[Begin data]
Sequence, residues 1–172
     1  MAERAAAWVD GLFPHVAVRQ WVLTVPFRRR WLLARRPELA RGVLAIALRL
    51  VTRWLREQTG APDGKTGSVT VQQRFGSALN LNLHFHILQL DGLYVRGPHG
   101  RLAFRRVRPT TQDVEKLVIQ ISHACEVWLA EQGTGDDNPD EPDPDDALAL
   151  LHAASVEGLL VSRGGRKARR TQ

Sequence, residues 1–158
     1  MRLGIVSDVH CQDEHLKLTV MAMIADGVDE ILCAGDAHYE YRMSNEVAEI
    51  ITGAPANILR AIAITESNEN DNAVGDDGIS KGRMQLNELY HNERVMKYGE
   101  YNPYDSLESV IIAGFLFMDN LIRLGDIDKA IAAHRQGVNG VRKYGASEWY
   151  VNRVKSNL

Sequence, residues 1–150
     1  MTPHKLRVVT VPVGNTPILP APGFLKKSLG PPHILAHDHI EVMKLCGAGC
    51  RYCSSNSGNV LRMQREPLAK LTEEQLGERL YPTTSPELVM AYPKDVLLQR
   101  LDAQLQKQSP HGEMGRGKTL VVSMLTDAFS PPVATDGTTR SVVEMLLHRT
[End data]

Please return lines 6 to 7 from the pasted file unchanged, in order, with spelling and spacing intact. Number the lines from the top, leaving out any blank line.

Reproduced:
Sequence, residues 1–158
     1  MRLGIVSDVH CQDEHLKLTV MAMIADGVDE ILCAGDAHYE YRMSNEVAEI